If you like it, save it!
Save and organize all of the stuff you love in one place.Got it!
If you like something…
Click the heart, it's called favoriting. Favorite the stuff you like.Got it!
Author Notes: Of all the memories of days past that involved mangoes, two incidents stand out in stark detail. The first harks back to the mid seventies when my dad had ordered 2 'tokris' (large baskets the size of tyres) of Ratnagiri Alphonso mangoes direct from the farm. En route home from picking them up, the bus we were traveling in, collided with another vehicle, but luckily, no one got hurt. What I still remember was the explicit relief that the mangoes were safe and did not scatter away or get damaged. Talk about priorities when you're five years old!
The second was when a group of us friends from Hostel 10 at the Indian Institute of Technology decided to pick a 10 gallon sized bucket's worth of the tartest, unripe mangoes from the trees that were practically sprouting branches through our room windows. At the end of the day there was a wingful of 20 year old girls with horribly zinging sensitive teeth and about 1/2 a pound of Salt/chili powder mix, not to mention the insane amount of raw mangoes wreaking havoc on our digestive system.
What I wouldn't to relive that incident all over again!
Well, those days of juggling a schedule of choosing from about a dozen mango cultivars making their sequential entrance at the market are long gone, and these days, its a choice between either the fibrous, tasteless Tommy Atkins & Hadens, or the delicious golden Champagne or Ataulfo mango, imported from Mexico.
Old habits die hard and I still can never buy just one or two mangoes. It always HAS to be by the box. The first box disappears in about three days, but then the time lag increases. By the time the third box arrives on the kitchen counter, it takes about a week to get polished off, & the mangoes start shriveling up. But, the level of sugars & the creamy texture in those late stragglers make them perfect for pies & tarts.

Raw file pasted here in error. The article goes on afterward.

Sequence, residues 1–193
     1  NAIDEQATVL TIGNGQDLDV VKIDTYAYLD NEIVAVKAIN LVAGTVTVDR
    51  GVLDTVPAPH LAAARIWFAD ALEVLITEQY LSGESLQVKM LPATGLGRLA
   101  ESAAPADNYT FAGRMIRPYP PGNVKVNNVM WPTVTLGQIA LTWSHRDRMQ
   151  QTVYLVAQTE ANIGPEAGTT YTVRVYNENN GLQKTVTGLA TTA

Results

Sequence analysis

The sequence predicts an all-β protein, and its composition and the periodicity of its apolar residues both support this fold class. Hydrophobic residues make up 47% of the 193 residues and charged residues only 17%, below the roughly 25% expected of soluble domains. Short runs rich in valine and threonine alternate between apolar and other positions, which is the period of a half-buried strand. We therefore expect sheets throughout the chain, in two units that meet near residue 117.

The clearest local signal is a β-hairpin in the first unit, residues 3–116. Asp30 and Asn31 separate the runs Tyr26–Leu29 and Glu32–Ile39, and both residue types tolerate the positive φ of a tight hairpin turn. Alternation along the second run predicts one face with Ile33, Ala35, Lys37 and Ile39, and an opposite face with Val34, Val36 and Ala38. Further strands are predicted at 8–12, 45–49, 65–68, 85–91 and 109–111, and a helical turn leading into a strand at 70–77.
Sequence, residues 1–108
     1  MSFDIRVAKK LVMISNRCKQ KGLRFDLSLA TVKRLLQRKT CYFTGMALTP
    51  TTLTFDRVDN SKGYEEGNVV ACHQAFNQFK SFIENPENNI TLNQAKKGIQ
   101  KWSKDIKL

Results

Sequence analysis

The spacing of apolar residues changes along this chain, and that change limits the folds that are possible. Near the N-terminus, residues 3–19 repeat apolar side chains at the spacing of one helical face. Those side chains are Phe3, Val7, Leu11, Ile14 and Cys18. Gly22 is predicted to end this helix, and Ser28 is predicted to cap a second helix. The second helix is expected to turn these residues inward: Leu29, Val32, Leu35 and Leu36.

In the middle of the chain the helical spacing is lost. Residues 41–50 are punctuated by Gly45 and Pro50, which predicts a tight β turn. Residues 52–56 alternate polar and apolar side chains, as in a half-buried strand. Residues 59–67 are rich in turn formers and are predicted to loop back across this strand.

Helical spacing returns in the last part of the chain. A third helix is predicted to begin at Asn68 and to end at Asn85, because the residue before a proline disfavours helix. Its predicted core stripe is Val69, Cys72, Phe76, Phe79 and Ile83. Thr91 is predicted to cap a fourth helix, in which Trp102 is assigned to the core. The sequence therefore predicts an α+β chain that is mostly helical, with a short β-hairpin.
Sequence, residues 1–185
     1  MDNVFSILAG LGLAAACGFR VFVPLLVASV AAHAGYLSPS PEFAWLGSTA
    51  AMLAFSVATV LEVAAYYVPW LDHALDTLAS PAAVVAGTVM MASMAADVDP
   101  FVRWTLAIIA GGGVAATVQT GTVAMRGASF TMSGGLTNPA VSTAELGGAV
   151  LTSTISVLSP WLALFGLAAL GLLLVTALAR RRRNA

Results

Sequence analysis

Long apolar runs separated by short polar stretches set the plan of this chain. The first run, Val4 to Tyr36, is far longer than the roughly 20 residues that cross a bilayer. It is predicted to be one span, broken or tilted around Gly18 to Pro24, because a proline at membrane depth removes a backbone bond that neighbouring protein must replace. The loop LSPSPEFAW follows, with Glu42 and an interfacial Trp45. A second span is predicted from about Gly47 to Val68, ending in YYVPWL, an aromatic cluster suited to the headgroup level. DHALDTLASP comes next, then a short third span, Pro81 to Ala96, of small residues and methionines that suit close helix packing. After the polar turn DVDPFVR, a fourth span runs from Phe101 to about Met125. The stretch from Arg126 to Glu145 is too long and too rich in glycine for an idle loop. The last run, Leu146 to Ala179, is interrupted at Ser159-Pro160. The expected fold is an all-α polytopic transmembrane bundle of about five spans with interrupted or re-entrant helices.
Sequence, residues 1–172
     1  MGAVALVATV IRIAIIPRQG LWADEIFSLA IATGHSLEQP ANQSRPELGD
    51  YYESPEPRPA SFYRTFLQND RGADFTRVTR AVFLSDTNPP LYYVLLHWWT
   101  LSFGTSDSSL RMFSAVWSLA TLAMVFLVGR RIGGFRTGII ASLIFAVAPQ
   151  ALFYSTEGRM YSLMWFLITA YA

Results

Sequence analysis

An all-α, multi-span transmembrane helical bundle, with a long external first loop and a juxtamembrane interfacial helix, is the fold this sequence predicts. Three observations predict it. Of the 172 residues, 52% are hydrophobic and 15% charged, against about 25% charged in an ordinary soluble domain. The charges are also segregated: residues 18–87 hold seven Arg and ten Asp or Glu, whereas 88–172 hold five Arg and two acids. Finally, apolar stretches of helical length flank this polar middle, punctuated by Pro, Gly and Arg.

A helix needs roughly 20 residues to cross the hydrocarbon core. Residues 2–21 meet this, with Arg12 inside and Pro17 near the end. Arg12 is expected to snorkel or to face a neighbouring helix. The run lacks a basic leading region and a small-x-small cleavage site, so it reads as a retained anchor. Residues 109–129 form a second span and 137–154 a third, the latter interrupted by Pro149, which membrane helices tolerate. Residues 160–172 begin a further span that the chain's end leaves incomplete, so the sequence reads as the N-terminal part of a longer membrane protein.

I've always been kind of weary when dealing with baked desserts, more so when the recipe involves a separate crust. This was my first attempt at winging the recipe taking notes about what I added as I prepared the dish. Needless to add, I'll be making this many many more times before the mango season comes to an end! The Custard is egg free and relies on the addition of cornflour to thicken the cream & mango. —Panfusine
Makes one 11 inch tart
- 20-25 Gingersnap biscuits
- 8 squares Honey Graham crackers
- 1/2 cup Almond meal
- 8 tablespoons unsalted butter (1 stick)
- Preheat oven to 250 F.
- Add the ginger snap cookies and the graham crackers in a food processor. Pulse for about 5 - 10 seconds and then continuously for about 2 minutes till it turns into a coarse mealy consistency. Add the Almond meal and pulse till it combines evenly with the cookie crumbs & there are no lumps of almond meal in the mixture. Transfer into a mixing bowl and using your hands, make a depression in the center.
- Melt the stick of butter and pour into the 'well' of the cookie mixture. Fold in the dry mixture into the melted butter, ensuring that the butter coats the entire amount.
- Using the tips of your fingers, press down the mixture over the bottom & sides of a 11' tart pan (with a removable base. Bake in a 250 F oven for about 20-25 minutes. Allow to cool & chill in the refrigerator till its ready to use.
Mango custard & filling
- 4 Champagne Mangoes
- 1 cup Alphonso Mango puree
- 1 teaspoon cardamom powder
- 1/2 cup Heavy cream
- 1.5 tablespoons corn starch
- 1/3 - 1/2 cups Sugar
- 10-12 strands saffron
- Pistachios for microplaning over the tart.
- Preheat oven to 300 F . Peel and cut the 'cheeks' of the mango. Keeping the 'cheeks' cut side down, slice thinly.
- Combine the heavy cream, mango pulp, sugar, cardamom and saffron along with the cornflour. Whisk to eliminate lumps. Heat the mix on a medium low flame, until the mixture attains a thick custard like consistency, whisking all the while to ensure that the texture is smooth. Remove from heat & cool slightly.
- Arrange the mango slices on the tart shell, covering the bottom as completely as possible.
- Spoon the mango custard mixture over the mango slices and grate the pistachio nuts evenly over the tart.
- Bake for 20 minutes at 300 F until the mango whipped cream mixture appears set.
- Allow to cool completely before placing in the refrigerator (covered with plastic wrap) to chill.
- Cut into wedges and serve as is, or with a dollop of whipped cream.
- This recipe was entered in the contest for Your Best Mangoes
Make Fruit Caramel
A case for blending your plums
Blend your plums—seriously.
Burnt Toast: Episode 11
It's time to travel.
You need to make this Indian spice mix.